Someone must have come to the site at some point, but no interaction was needed with me. Comcast didn’t call me back directly, but after a few weeks I called to follow up and was told that my initial site survey had been approved and we were moving forward with the installation.

The next step would be waiting for approvals and permits. Evidently the install process for Comcast works something like this internally:

  • Perform site survey to make sure that the building is serviceable.
  • Create a formal installation design \ plan and submit it for approval.
  • Review of the installation plan by finance team to determine if costs are acceptable to move forward.
  • Submit permit requests to applicable local government.
  • Begin construction once permits are received.

The whole installation was rife with misinformation from my Comcast representative who always seemed to be out of the loop and a few steps behind on the process, which makes me wonder who is really in charge of coordinating the tasks. I don’t hold this against him but I do think there is a ton of room for Comcast to improve communication both internally and with their customer during this long process.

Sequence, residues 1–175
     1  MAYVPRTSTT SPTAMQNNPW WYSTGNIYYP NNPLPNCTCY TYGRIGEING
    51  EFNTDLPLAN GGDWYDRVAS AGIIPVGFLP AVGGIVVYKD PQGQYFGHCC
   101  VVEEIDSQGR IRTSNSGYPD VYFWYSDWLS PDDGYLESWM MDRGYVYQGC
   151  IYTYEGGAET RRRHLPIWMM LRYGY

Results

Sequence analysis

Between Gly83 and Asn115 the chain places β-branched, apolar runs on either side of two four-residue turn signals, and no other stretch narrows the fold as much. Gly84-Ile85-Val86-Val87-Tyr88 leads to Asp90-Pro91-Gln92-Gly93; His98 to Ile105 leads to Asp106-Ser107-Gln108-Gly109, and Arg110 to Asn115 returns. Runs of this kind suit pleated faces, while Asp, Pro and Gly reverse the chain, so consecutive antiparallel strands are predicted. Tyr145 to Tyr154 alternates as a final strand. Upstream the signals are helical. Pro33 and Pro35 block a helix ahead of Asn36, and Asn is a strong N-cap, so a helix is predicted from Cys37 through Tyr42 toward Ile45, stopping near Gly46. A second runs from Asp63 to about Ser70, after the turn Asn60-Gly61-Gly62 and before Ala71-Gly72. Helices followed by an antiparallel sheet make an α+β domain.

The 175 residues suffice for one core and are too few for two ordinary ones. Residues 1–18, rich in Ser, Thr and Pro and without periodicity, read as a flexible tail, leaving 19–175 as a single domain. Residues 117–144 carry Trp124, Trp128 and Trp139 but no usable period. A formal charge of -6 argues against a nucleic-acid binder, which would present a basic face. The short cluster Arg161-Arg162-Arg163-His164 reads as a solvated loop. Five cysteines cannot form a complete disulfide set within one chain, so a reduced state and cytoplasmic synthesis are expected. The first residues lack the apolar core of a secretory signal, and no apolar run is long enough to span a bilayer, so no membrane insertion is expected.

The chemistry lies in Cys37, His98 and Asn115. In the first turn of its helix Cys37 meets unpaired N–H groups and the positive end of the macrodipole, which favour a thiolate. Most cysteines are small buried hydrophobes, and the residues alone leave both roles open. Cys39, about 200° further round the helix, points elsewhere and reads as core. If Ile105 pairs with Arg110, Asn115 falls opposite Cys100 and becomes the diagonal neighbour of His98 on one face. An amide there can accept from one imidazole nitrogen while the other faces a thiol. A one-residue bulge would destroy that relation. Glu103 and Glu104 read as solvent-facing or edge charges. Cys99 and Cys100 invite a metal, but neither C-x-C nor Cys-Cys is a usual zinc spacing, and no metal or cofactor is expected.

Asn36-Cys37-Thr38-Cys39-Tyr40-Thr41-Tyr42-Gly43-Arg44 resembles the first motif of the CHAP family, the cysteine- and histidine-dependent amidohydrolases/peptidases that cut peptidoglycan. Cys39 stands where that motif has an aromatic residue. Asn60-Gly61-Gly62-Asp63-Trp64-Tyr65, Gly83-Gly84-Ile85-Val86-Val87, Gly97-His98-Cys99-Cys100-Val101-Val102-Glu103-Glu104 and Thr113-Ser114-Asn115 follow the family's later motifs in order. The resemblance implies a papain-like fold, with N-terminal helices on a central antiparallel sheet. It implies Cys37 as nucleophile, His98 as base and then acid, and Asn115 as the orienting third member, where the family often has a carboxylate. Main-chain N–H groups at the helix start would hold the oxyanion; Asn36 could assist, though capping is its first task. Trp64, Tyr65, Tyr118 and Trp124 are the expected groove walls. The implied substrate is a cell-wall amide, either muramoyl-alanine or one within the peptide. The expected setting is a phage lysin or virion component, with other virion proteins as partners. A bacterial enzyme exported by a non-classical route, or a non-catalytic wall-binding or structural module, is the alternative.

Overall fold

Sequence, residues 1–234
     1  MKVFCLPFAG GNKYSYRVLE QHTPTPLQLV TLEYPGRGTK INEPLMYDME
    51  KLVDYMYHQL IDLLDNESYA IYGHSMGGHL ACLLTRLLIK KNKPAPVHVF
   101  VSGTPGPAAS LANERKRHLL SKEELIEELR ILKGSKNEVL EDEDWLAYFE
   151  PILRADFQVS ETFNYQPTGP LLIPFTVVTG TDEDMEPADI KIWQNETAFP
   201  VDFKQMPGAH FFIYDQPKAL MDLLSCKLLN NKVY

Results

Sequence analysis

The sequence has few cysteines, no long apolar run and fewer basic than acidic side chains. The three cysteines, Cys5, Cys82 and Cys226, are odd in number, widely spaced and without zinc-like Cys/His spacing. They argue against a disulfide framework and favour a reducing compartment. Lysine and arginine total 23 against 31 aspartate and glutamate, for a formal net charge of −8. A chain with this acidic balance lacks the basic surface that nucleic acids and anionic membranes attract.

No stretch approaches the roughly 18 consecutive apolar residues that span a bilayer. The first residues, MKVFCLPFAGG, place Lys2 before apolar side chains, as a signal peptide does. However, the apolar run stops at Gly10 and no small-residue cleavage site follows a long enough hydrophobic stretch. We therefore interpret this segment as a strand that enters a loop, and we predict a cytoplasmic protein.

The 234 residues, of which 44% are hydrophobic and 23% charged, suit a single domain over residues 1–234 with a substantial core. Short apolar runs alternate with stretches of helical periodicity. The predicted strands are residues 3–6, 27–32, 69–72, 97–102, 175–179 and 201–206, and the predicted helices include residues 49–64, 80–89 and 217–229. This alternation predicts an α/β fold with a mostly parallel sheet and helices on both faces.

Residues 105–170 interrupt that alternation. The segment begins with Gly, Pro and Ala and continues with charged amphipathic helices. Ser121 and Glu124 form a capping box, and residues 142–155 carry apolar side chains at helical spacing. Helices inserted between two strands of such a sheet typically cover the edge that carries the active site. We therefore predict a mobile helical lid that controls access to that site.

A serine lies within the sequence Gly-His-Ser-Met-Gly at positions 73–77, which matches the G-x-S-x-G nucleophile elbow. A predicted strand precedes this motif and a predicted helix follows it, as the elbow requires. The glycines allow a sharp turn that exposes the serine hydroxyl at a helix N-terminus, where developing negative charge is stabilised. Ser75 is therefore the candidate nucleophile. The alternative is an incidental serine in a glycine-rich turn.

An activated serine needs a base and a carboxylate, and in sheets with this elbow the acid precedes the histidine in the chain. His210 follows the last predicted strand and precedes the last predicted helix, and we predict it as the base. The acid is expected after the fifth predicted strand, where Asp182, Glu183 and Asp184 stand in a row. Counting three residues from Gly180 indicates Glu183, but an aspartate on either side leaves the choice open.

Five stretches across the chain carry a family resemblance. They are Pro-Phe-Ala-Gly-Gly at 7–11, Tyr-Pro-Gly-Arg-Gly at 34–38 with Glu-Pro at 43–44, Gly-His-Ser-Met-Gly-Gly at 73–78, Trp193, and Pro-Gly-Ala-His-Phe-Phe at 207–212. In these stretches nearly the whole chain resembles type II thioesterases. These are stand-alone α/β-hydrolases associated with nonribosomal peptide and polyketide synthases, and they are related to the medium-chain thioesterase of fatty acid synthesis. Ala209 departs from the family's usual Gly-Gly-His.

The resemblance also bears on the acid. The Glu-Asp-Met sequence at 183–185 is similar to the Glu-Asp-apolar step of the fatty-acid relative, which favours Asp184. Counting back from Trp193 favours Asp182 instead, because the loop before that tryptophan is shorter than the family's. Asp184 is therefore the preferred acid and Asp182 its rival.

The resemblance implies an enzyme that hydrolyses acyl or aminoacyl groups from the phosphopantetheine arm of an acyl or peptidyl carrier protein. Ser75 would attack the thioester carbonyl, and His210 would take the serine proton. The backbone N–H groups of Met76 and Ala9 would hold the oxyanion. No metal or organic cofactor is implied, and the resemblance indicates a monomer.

A few examples of such confusion \ misinformation throughout the process:

  • Around a month after being told my site survey was complete, I received a call from the construction contractor asking to schedule a time to meet me for a site survey. Apparently this was when he was out to draw up the design.
  • At one point, I was told by Comcast that we were “waiting on permits” from the government and then told by the cable installer contractor that we were waiting on Comcast for financial approval. That turned out to be correct, and once it was approved then the wait for permits began.
  • When construction began, I called up my Comcast rep to inform him of the progress, but couldn’t reach him. The next day he called me to inform me that the permits had come in and we could start construction soon. (Though it already started a day earlier.)

5 Months Later

Most of what I had read online suggested that it was about a 3 month lead time from inquiry to install, but for me this was not correct.

Finally after months of waiting for permits and approval and seemingly making no progress, the contractor called me to inform me that they were scheduling directional boring. From mid-May to the beginning of October, we were finally ready to get some actual work done.

The installation would happen in 4 stages: